Holy Week Reflection: Contemplation to Action

I’ve been in “contemplative-mode” these last few days.  It seems like everywhere I look social media, news media, and politics across the globe are all a-buzz with commentary, actions & petitions, and legal battles on everything from gay marriage, & the environment to sequestration, & gun violence. Some of what I’ve read is very good; some of it, not so much.  As someone who advocates for peace & justice, I cannot approach any of these issues from my initial feelings of anger & frustration, or from a position of self-righteous indignation.  I must take time to reflect or my action degrades into nothing more than a knee-jerk reaction.

In a recent Lenten reflection on the example of Archbishop Oscar Romero, Fr. John Dear, S.J. writes about many examples of Archbishop Romero’s actions and includes stories from the new book Monsenor Romero: Memories in Mosaic by Maria Lopez Vigil (Orbis, 2013).  I have not read the book yet, but I was struck more by one of Fr. Dear’s thoughts:

“It’s important not to love ourselves so much that we’re not willing to take the risks that history demands of us,” Romero said in his last homily, one minute before he was assassinated at the altar. That’s an important lesson for all of us — laypeople, priests, bishops, archbishops, cardinals and popes included. History, and the Christ of history, demand we take risks on behalf of suffering humanity and creation itself. Romero shows us we do not have to be afraid. We, too, can go forward, do what we can, speak out as best we can, and try to make a difference.

When I consider what is taking place inside the Supreme Court this week, or in the Oval Office, or the “back rooms” of Congress with the lobbyists from Monsanto, or what is happening in war-torn places like Aleppo, Syria, or in ordinary places like the kitchens & living rooms of activists, I am overwhelmed with humanity and a sense of humility.  I can read one article and feel angry that such things could happen or that such people could act this way or that.  Then I read another article about something else and I am filled with joy, delight, or a feeling of hope in the basic goodness to be found in people here in the US & around the world.  But then I read yet another article, tweet or news report about more acts of violence involving drones or a handgun and I am filled with despair again.  I either have to stop reading all of this, cut myself off from the world, or I have to adopt a healthier way of responding to it; without fear as Archbishop Romero’s example suggests.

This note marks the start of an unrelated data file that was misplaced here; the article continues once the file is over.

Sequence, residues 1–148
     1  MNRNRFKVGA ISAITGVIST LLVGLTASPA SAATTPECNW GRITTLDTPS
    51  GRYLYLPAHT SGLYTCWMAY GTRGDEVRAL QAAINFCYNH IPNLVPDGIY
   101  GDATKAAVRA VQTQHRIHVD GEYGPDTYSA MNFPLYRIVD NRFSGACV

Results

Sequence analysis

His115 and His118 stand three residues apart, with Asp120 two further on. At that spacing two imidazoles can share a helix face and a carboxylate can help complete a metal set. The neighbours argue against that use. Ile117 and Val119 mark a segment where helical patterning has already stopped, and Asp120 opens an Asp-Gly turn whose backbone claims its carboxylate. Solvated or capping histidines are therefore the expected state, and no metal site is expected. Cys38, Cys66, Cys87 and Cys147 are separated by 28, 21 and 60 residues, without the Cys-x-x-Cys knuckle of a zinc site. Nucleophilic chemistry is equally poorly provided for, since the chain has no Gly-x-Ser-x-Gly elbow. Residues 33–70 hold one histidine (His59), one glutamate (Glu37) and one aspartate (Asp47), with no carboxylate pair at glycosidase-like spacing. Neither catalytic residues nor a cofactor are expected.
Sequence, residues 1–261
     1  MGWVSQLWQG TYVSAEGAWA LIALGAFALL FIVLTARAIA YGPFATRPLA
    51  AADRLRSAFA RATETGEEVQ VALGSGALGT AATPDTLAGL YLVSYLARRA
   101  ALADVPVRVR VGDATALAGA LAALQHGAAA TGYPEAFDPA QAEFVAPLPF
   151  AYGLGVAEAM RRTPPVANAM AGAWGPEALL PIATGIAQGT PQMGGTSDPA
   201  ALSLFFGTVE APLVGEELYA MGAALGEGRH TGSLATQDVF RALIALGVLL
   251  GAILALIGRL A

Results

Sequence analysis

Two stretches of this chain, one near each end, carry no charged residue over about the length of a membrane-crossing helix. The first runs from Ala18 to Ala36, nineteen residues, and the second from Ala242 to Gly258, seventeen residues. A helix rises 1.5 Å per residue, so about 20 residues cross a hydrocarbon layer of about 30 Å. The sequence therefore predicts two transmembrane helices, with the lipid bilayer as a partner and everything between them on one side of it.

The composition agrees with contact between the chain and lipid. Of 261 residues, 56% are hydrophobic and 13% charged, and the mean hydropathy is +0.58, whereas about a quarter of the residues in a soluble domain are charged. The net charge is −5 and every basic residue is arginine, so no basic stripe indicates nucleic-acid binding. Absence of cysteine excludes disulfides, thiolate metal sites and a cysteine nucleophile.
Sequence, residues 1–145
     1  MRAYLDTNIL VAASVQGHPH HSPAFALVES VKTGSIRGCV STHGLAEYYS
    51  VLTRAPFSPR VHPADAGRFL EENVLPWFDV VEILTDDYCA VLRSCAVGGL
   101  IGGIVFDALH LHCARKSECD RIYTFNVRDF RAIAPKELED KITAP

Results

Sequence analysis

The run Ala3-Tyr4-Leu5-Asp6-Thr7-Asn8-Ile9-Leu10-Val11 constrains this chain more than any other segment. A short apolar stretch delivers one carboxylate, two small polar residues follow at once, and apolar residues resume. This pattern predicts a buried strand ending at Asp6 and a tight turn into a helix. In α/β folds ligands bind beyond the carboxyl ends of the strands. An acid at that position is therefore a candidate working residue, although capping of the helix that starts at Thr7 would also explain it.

Burying my head in the sand is not an option if I am to “move forward, and try to make a difference”, so I must develop a healthy alternative to riding this emotional roller-coaster.  As an activist & advocate for peace & justice there are many amazing examples of men & women who can inspire me; Archbishop Romero, Ghandi, Dorothy Day, Martin Luther King, Jr., Blessed Mother Teresa of Calcutta, Fr. Thomas Merton, Fr. Richard Rohr, those I marched with during the CIW march last week, Egyptians, Syrians, Palestinians, and countless others who make headlines only as “protestors”, “occupiers”, or “insurgents”.  I believe it is necessary to feel angry, hopeless, or frustrated at first when faced with injustice, but then I have to reflect, contemplate, and/or pray about how to respond to it in a positive way.  If I don’t reflect and pray first, then I am no better in my reaction than those who perpetuate the injustices that outrage me.

Words are important.  Activists take action against injustices, they do not just react.  There is considerable thought behind their actions so that their efforts do make a difference and affect a positive & just change.  That, I believe, is why non-violence is the key to successful activism.  When we react to injustice without thinking, our words & actions can appear or sound aggressive or violent.

Simplicity is important, too; it is also sometimes the most challenging thing to put into practice.  I like reading Fr. Richard Rohr’s daily reflections (the Center for Action & Contemplation).  His insights are often simple and obvious, but always rooted in love, contemplation, & non-violence.  Fr. Dear’s reflections are also a call to fearless contemplation, non-violence, and action (Pax Christi).

As Christians around the world enter into the Triduum of Holy Week my prayer is that we all reflect on the Passion of Christ, the injustices and pain present in our world today, and how we can respond to God’s call to action on behalf of the poor, the vulnerable, and the marginalized of our societies.  I hope I don’t ever have to be as fearless as Archbishop Romero or a Syrian freedom fighter, but if I am called to take a great risk, I trust that God will be in it with me.

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